ermany’s decision to invest in upper-stage design work for Europe’s Vega small launcher is not a major commitment by any measure, but the messages it sends are significant.
For European scientists and other users of small satellites, the message is that their long-term needs are on the radar screen of Europe’s largest economy and the second-biggest contributor to the European Space Agency (ESA). In recent years this user community has been able to take advantage of low-cost, converted ICBMs from Russia and Ukraine, but the price of these vehicles is rising and their supply is finite.
To Russia and Ukraine, meanwhile, the Vega investment signals Germany’s willingness to look at other options in response to the price hikes as well as Russia’s increasingly tight technology-transfer restrictions.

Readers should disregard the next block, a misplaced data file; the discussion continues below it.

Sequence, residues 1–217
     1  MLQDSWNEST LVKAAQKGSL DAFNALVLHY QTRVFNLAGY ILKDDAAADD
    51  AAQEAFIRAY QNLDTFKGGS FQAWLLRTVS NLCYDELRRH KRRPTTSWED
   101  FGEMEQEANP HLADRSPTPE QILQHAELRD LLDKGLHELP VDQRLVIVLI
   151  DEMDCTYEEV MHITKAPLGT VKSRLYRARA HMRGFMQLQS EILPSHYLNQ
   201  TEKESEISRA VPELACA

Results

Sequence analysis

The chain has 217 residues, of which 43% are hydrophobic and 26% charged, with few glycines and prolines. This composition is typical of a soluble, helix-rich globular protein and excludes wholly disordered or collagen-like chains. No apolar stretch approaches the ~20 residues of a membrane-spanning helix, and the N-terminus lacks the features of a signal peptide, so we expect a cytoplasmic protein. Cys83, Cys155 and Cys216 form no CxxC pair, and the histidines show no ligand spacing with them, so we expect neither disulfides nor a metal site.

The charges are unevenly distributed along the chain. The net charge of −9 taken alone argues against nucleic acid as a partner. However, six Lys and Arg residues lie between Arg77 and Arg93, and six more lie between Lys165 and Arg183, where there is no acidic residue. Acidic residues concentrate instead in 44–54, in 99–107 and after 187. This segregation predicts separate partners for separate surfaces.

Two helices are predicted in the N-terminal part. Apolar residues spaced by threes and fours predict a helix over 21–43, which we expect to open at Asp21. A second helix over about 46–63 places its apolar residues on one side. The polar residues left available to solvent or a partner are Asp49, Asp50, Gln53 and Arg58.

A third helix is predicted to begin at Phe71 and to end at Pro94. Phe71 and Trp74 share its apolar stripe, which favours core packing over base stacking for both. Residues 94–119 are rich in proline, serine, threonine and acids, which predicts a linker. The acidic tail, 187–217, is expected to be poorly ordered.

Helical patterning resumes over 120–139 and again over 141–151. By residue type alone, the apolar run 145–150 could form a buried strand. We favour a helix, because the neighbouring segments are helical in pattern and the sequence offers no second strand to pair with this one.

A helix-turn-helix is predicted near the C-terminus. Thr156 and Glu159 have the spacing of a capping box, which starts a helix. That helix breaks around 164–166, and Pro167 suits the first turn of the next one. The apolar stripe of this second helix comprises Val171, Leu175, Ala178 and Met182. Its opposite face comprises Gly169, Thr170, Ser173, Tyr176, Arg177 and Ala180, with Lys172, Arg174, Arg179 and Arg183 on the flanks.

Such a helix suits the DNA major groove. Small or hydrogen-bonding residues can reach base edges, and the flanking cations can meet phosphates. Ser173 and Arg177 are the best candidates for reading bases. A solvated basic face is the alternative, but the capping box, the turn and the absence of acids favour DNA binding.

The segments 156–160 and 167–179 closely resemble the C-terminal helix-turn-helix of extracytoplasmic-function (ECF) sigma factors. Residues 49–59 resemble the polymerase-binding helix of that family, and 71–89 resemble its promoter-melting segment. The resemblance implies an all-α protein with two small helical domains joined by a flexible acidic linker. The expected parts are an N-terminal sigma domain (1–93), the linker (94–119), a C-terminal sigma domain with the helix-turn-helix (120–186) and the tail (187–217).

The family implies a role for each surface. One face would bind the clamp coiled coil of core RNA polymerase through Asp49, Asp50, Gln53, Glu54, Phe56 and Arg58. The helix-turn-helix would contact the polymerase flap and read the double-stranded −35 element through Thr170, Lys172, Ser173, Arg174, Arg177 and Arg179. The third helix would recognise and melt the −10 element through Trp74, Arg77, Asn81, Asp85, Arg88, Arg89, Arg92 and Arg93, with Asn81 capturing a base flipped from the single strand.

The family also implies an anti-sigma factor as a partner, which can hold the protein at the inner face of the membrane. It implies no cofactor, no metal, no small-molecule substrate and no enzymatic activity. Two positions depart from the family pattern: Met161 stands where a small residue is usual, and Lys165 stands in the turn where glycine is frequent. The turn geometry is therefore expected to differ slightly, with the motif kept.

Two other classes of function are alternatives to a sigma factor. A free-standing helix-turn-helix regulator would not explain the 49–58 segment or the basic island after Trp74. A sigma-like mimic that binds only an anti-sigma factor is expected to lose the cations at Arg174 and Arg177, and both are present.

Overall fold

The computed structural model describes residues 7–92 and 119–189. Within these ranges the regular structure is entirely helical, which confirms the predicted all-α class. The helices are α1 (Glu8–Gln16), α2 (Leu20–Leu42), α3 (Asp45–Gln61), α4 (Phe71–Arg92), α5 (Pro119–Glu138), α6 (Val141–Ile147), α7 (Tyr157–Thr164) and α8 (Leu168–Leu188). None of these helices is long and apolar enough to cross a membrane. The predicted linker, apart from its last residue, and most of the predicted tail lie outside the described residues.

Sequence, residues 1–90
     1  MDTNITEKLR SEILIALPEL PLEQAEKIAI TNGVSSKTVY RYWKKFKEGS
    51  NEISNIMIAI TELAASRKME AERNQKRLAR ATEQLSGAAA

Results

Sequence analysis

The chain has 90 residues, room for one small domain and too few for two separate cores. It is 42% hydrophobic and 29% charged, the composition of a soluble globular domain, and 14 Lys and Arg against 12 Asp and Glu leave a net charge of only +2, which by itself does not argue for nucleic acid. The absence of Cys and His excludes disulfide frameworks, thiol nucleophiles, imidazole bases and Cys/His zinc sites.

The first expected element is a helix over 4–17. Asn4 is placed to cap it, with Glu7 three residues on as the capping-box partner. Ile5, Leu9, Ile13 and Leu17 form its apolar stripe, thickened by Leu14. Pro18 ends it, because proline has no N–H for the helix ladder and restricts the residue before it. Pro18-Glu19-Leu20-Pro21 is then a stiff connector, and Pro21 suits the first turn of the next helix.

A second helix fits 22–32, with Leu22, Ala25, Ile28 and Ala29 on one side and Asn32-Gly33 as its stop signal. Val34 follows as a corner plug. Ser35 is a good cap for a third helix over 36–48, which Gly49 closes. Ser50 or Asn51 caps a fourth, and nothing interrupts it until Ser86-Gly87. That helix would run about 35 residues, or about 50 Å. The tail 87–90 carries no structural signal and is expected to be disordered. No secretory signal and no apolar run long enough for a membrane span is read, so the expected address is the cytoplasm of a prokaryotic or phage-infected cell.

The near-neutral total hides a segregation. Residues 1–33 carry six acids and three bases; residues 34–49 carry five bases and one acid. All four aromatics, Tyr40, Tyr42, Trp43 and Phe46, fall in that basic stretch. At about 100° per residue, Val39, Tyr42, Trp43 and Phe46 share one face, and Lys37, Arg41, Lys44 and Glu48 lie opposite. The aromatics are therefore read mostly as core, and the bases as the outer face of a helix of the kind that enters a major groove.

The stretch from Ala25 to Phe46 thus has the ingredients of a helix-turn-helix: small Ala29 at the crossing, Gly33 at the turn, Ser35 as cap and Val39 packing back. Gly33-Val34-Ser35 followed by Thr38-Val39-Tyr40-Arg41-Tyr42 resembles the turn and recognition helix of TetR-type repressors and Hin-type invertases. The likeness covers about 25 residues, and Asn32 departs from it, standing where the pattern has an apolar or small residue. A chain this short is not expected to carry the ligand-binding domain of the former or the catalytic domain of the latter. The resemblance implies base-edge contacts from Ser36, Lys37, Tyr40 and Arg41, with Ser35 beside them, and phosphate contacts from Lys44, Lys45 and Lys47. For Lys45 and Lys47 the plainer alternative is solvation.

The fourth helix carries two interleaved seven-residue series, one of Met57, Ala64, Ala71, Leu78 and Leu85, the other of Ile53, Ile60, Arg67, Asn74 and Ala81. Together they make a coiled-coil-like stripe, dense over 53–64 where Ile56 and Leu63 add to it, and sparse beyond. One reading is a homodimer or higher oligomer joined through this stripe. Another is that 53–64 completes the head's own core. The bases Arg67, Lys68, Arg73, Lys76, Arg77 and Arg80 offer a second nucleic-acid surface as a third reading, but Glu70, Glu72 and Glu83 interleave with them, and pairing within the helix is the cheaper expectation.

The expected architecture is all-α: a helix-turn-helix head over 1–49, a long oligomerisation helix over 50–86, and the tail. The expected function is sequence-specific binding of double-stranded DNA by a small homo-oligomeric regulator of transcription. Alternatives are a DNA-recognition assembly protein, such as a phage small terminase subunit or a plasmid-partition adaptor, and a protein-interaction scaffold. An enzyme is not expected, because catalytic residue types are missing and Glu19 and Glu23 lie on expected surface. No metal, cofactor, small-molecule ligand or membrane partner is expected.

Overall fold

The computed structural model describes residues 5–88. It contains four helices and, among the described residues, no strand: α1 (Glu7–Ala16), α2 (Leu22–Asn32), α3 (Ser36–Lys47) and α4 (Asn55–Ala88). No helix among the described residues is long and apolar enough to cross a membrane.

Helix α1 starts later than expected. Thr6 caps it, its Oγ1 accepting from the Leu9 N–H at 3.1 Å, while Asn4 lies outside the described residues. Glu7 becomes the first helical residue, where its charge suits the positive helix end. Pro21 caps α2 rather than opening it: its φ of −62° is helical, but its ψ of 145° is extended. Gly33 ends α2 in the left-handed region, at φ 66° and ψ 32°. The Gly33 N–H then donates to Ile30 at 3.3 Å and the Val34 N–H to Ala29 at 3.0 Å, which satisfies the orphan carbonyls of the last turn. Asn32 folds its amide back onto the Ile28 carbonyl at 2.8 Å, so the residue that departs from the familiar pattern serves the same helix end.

Germany initially shunned the Vega project, having already thrown its support behind the creation of Eurockot Launch Services, a joint venture between the German division of Astrium Space Transportation and Russia’s Khrunichev organization that markets a converted Russian ICBM dubbed Rockot. Germany today routinely uses Rockot launchers to loft government-sponsored science and Earth observation satellites, but this likely would change should Germany ultimately become a major partner on Vega.
For other ESA members, especially Italy and France, the move raises the possibility of an all-European Vega launcher with a larger customer base. Initial versions of the vehicle will use an upper stage developed and supplied by Ukraine’s Yuzhnoye organization. If Germany were to follow through on its design work and replace the Ukrainian-built hardware, it would be yet another example of Europe insisting on maintaining independent space capabilities that are deemed to be of strategic importance. At 500,000 euros ($689,000), Germany’s initial investment in Vega is just a baby step, but it is an unmistakable move in a
direction Europe should applaud.